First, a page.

The Save Skaha Park Society is continuing its advocacy for Penticton Parks, though with a new name and a broader mandate.
During the society’s annual general meeting Tuesday night, the members voted overwhelmingly to change the name of the group to Protect Penticton Parks Society, and expand its purview to all parks in the community.
The society has marked up a few victories since it was formed in Sept. 2015, helping pressure the City of Penticton renegotiate a 29-year lease that would have seen commercial water slides built in the park, a deal which was terminated completely in July.
The extent of the change in council thinking was summed up in a comment from Penticton city manager Peter Weeber, who asked to speak at the AGM.
“I can guarantee this council is not interested in doing anything in a park,” said Weeber, responding to a question from the floor. “We’re closed for park business. Unless the community agrees to put something in a park, we are not putting it in a park.”
Gerry Karr, one of the directors of the society, said that though those battles had been won, there was more work to do.
“The war is making sure, to the best of our abilities, that this never happens again,” said Karr. The next goal, he continued, was to deal with the parks bylaw that was passed in 2002 in a community referendum.
“It gave the promise that our parks would be protected, and until June of 2015, when the Trio agreement was put forward, we thought they were protected,” said Karr. “We now learn it was an illusion, they aren’t protected by that bylaw.”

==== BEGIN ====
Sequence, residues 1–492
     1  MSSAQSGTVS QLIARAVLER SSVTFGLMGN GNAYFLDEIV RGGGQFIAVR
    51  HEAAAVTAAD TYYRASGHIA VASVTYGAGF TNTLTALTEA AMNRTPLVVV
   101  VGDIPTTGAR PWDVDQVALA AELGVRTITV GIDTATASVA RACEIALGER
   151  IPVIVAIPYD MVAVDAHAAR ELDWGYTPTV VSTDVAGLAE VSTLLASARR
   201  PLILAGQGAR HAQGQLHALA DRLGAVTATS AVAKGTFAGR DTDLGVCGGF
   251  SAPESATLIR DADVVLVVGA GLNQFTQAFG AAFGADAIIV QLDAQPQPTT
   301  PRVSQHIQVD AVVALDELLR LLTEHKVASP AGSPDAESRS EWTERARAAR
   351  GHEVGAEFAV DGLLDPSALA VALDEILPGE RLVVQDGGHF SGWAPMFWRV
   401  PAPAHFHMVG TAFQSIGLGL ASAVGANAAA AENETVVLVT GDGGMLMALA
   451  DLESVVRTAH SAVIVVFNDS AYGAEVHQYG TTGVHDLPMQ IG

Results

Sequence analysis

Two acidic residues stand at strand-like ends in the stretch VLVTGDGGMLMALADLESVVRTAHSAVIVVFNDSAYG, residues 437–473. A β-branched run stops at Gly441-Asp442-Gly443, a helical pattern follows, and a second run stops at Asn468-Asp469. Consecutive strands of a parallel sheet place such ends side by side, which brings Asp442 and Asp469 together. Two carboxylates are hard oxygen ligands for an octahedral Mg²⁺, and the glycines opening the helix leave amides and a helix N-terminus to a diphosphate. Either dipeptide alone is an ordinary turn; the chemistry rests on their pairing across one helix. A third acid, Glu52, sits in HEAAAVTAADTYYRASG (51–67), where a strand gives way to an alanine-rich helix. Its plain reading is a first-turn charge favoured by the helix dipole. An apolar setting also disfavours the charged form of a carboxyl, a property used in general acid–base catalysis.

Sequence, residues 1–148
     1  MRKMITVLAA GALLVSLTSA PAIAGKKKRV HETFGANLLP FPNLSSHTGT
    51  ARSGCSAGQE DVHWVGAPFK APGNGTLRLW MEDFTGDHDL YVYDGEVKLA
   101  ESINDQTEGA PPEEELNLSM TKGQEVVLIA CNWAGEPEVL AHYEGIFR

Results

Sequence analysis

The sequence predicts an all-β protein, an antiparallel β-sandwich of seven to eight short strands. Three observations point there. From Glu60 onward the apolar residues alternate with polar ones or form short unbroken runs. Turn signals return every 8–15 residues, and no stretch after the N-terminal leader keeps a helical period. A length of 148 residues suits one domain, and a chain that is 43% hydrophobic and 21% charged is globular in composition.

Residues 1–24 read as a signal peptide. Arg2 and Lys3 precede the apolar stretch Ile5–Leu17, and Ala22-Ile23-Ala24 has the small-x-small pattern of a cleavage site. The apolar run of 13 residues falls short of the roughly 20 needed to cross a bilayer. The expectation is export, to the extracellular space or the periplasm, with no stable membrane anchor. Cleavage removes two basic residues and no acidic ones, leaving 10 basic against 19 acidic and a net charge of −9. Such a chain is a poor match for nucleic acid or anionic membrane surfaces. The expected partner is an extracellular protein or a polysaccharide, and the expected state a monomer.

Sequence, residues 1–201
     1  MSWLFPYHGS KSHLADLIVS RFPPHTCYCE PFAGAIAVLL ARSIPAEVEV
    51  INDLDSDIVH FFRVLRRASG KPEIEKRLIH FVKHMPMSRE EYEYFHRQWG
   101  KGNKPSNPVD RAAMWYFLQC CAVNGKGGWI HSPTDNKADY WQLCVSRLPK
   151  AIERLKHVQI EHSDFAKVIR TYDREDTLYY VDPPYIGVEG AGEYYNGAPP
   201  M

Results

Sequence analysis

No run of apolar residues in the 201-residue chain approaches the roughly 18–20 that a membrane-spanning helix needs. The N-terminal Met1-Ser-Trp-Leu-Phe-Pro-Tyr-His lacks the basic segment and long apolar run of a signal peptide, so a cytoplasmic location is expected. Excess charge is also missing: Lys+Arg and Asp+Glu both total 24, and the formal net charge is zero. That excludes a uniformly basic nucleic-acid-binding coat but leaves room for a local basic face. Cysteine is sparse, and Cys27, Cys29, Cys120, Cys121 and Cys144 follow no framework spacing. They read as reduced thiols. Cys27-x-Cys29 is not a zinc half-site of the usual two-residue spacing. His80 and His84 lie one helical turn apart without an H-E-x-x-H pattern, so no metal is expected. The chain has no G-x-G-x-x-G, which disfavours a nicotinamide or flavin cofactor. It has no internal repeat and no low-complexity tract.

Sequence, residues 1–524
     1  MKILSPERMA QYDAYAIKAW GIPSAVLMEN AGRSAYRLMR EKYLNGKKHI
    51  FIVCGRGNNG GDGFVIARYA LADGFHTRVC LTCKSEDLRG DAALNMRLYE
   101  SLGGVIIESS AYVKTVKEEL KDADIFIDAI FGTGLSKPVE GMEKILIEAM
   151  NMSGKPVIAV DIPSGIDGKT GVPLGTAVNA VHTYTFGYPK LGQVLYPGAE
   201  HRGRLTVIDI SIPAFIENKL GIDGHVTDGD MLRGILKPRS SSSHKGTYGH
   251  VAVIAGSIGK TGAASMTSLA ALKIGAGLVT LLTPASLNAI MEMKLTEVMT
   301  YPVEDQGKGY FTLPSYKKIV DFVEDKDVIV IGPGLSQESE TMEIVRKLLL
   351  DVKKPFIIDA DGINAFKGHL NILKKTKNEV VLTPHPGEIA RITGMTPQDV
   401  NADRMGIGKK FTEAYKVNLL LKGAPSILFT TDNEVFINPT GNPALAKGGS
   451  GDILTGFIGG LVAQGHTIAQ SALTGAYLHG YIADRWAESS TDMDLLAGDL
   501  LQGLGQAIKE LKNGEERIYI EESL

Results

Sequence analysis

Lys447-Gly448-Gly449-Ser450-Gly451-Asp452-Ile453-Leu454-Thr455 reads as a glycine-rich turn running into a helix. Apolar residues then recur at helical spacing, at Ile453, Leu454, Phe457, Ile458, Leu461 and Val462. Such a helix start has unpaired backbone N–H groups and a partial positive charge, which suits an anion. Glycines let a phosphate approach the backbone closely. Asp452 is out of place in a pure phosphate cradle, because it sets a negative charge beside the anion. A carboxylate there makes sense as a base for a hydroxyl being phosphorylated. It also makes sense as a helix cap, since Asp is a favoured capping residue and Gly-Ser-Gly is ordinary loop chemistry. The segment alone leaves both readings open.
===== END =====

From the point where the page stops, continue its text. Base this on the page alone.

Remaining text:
The society’s advisory committee has already proposed replacing the parks dedication bylaw with one that would see the parks gain provincial protection through registration with the Land Titles Office as well as have clearer protection municipally.
Peter Weeber, Penticton’s Chief Administrative Officer, also spoke at the society’s annual general meeting. He agreed changes need to be made.
“They are absolutely right. We need a park dedication bylaw to lay out what is allowable and what is not allowable in parks. And there will be a park use policy that dictates what can go on in all parks,” said Weeber.
Society member Ben Amos questioned whether a parks dedication bylaw would include language that they should be unencumbered.
“We are not disposing of a park if we stick something in there that destroys the essence of a park,” said Amos.
Weeber said he and Anthony Haddad, director of development services, will work on the parks dedication bylaw with the involvement of the society and other involved parties. He said it wouldn’t necessarily be a complex bylaw.
“It will list a group of parks that we won’t do certain things in unless the community agrees,” said Weeber.
Senior reporter, Penticton Western News
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